Can segregated neighborhoods change people’s genes?
November 7, 2018
ANN ARBOR—Researchers know that African-Americans get sicker and die earlier than white people—and now, a University of Michigan researcher will study whether racial segregation plays a part by changing a person’s genes.
Margaret Hicken, director of the U-M Racism Lab at the Institute for Social Research, has won a $3.6 million grant from the National Institute on Minority Health and Health Disparities to examine inequalities in healthy aging between black and white people in the United States. The grant is a continuation of the Americans’ Changing Lives study, which has followed the same group of people in neighborhoods across the country for more than 30 years.
Hicken’s grant will add an important component: It will collect genetic material from the study participants to examine how the participants’ neighborhoods impact the regulation of their genes.
Through racial segregation, whites and blacks are often sorted into segregated neighborhoods. Black neighborhoods, then, are often exposed to greater levels of chemical stressors. These chemical stressors intersect with other kinds of stressors in black people’s lives to greatly impact their health.
The Americans’ Changing Lives study collects self-reported health information from its nationally representative participants every five years. Hicken’s grant will add a sixth wave of data collection as well as blood collection for DNA analysis. She hopes to understand how environmental exposure to pollution as well as other social stressors could impact these participants’ genes, a field called epigenetics.
“We have their reports of chronic disease, and their reports of mental health, but no physical measure. Can we track health or disease even before it becomes clinically obvious?” said Hicken, also a research assistant professor at the U-M Medical School. “One important way to understand the role of the social and the built environment is to understand what’s going on molecularly.”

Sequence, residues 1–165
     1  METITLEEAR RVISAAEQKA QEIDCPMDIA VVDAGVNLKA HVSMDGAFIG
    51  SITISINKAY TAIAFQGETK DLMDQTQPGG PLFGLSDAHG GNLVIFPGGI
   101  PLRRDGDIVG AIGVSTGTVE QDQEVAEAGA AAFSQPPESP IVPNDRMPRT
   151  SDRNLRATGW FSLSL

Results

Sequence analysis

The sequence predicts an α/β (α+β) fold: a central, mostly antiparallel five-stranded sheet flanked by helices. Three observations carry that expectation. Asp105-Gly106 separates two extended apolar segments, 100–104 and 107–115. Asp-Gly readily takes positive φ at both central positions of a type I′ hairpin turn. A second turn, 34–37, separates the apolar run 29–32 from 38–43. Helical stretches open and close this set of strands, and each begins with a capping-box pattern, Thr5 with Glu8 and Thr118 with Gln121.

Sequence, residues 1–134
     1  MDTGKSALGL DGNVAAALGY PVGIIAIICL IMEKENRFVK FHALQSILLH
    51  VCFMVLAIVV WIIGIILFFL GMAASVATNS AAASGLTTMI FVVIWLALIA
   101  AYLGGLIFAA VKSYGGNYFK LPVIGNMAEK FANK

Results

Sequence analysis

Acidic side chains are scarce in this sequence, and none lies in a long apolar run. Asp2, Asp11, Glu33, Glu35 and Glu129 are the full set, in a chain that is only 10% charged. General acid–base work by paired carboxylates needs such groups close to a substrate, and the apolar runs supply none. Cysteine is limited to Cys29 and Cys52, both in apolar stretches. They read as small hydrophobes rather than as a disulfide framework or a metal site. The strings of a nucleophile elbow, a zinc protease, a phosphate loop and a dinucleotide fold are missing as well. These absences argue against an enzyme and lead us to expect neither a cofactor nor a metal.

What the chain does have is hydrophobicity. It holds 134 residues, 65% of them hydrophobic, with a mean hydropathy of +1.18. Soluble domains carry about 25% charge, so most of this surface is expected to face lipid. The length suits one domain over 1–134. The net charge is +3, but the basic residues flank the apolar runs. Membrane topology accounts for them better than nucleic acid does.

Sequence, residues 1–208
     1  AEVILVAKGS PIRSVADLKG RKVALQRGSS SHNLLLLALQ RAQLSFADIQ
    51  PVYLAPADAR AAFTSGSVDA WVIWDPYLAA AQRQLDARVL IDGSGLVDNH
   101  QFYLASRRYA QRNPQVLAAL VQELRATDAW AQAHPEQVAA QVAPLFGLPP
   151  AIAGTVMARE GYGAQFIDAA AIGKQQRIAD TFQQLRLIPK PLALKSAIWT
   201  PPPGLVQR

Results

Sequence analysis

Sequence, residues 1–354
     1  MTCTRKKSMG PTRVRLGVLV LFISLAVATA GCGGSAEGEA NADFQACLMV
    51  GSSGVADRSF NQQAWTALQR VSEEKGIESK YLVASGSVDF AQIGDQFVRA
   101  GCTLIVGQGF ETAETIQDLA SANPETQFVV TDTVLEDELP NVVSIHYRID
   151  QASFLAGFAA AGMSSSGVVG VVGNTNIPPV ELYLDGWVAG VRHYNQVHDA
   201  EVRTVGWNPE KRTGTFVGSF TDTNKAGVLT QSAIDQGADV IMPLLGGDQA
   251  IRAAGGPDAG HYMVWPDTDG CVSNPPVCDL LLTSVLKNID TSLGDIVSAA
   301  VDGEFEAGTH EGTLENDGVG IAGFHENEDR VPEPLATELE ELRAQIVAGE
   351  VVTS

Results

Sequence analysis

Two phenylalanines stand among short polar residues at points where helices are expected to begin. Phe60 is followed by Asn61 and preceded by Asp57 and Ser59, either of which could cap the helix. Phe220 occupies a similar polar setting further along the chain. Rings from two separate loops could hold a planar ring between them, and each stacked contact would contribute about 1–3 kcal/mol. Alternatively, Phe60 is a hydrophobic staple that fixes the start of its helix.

The grant builds upon the knowledge that black and Hispanic neighborhoods are often located near pollution-producing factories or disposal sites—sites that often move in after the neighborhood has already become established.
University of Michigan environmental researcher Paul Mohai and colleagues published a study in which they surveyed polluters, and found that race was the main determinant predictor of where these places were sited, Hicken said. In another study, they found that these neighborhoods were there first and the polluters came after.
Kelly Bakulski, a co-investigator on the grant, will study the underlying biological mechanisms of these health disparities. Bakulski, a research assistant professor at the U-M School of Public Health, specializes in epigenetic epidemiology.
The field of epigenetics studies impacts—both environmental and social—to our bodies that result in changes in gene activity that can be passed down through generations. These changes in gene activity, called DNA methylation, don’t alter a person’s DNA sequence, but can cause changes in the way genes operate.
“All of the cells in your body have the same DNA sequence but the way we get specialized cells—a skin cell versus a neuron—requires these marks, or epigenetics, on top of the DNA sequence,” Bakulski said. “Epigenetics are part of our development, part of our basic biology, and some of those marks can be sensitive to environmental factors.”
These sensitivities can be expressed in subtle ways, Bakulski said. Researchers have previously identified epigenetic changes in the cord blood of babies born to mothers who smoke.
“Very often it’s in subtle ways. It’s not like we’re changing these marks so much that a neuron looks like a skin cell. These are small numbers of marks affected,” she said. “But we’ve noticed that epigenetics are sensitive to toxicants as well as nonchemical stressors like social factors and stress.”
Through the study, Hicken and her team plan to examine the associations between DNA methylation, chemical stressors, nonchemical stressors and racial segregation. First, they plan to study whether neighborhood racial segregation is associated with epigenetic change, then whether there’s an association between this kind of change and exposure to chemical and nonchemical stressors, and finally whether there’s an association between DNA methylation and key genetic markers for healthy aging.
This grant is funded under number 1R01MD013299.
Contact: Morgan Sherburne, 734-647-1844, [email protected]